Facing up to democratic distrust




By Peter Dizikes

In October 2020, two rival candidates for office in Utah made an unusual television ad together. Incumbent Republican Gov. Spencer Cox and his Democratic challenger, Chris Peterson, appeared in the same spot to note they were both “dedicated to the American values of liberty, democracy, and justice for all people,” as Cox said, and that “our common values transcend our political differences,” as Peterson put it.

Such reassurances are unusual, however, and can be overwhelmed by other messages. Indeed, a new study co-authored by an MIT scholar finds that U.S. citizens likely overestimate how much their political opponents seek to undermine democracy — a finding presenting both bad news and good news.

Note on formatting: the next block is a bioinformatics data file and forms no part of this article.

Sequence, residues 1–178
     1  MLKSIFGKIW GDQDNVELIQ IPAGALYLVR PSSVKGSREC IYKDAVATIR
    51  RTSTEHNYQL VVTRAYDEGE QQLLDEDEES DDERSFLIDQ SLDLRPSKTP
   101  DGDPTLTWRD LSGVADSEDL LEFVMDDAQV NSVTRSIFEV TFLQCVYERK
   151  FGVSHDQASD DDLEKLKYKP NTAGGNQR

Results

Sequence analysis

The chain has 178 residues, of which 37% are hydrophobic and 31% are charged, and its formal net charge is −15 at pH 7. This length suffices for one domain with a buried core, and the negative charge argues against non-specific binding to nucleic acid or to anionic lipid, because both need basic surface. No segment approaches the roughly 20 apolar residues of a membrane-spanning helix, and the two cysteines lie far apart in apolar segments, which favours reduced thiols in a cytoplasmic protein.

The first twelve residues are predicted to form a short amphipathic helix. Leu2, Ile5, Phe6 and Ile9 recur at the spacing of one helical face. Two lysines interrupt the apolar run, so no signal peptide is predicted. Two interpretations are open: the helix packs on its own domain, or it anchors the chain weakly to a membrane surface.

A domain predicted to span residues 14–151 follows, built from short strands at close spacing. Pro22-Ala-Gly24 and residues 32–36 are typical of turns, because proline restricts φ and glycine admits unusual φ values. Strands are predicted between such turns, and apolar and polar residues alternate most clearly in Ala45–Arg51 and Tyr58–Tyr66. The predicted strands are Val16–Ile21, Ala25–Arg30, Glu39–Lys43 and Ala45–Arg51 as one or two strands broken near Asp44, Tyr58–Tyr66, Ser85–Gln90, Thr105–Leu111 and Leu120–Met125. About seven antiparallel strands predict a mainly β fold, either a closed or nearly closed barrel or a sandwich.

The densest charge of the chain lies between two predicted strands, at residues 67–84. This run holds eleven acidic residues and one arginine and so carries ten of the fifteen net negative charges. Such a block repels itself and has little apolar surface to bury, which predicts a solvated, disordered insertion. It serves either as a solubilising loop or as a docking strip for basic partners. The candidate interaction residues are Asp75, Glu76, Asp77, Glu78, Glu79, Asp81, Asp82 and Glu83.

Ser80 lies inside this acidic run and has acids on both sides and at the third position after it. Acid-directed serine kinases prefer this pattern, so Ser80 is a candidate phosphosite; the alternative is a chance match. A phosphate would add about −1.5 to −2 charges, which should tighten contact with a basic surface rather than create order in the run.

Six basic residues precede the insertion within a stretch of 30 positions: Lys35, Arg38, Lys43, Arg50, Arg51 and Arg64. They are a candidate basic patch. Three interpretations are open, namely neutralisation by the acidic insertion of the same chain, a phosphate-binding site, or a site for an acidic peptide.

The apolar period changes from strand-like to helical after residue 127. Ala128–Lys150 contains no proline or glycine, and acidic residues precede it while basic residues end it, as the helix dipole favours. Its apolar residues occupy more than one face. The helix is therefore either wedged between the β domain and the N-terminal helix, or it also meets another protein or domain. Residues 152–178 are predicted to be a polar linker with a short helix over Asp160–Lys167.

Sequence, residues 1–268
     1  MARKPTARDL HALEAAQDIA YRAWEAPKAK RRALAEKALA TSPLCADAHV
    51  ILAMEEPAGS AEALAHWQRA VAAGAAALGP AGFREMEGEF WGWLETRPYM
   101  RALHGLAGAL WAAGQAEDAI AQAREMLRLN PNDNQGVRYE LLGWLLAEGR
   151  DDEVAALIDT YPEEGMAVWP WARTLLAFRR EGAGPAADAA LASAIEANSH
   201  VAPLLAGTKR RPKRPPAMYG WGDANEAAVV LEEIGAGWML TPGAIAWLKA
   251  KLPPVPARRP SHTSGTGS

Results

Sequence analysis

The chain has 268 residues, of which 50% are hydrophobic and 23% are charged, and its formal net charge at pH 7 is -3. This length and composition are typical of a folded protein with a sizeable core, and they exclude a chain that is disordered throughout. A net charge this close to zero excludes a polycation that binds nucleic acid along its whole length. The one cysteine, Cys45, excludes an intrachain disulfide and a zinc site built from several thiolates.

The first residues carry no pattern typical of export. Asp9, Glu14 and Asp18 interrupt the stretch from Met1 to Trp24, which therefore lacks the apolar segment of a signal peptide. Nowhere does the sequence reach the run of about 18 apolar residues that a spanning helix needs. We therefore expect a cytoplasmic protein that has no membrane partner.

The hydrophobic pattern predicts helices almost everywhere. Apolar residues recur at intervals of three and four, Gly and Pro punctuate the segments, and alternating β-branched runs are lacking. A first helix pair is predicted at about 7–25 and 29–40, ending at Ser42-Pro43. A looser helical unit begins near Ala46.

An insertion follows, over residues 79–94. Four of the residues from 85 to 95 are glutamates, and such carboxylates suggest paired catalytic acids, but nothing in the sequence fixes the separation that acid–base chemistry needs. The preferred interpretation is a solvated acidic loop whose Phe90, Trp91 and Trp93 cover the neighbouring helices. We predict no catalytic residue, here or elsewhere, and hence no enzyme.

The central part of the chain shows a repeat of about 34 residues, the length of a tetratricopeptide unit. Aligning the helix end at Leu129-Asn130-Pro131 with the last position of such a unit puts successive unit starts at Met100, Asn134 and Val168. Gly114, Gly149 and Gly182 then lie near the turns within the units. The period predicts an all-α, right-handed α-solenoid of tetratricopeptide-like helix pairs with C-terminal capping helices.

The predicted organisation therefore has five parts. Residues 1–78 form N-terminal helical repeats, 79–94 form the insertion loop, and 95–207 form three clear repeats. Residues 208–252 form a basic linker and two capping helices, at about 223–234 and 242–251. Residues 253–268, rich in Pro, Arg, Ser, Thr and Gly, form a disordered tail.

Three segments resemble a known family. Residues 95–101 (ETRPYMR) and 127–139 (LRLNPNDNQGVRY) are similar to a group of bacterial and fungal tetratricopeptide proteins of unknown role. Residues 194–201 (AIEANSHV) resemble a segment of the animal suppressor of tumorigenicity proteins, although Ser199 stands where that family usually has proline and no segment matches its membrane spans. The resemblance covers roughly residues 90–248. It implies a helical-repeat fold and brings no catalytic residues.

One ominous implication of the research is that by believing their political opponents wish to curtail democracy, some partisans will then justify the erosion of democratic norms by their own side.

“This can result in a death spiral for democracy,” says Alex “Sandy” Pentland, an MIT professor and co-author of a new paper detailing the results, which are based on surveys and experiments involving thousands of Americans.

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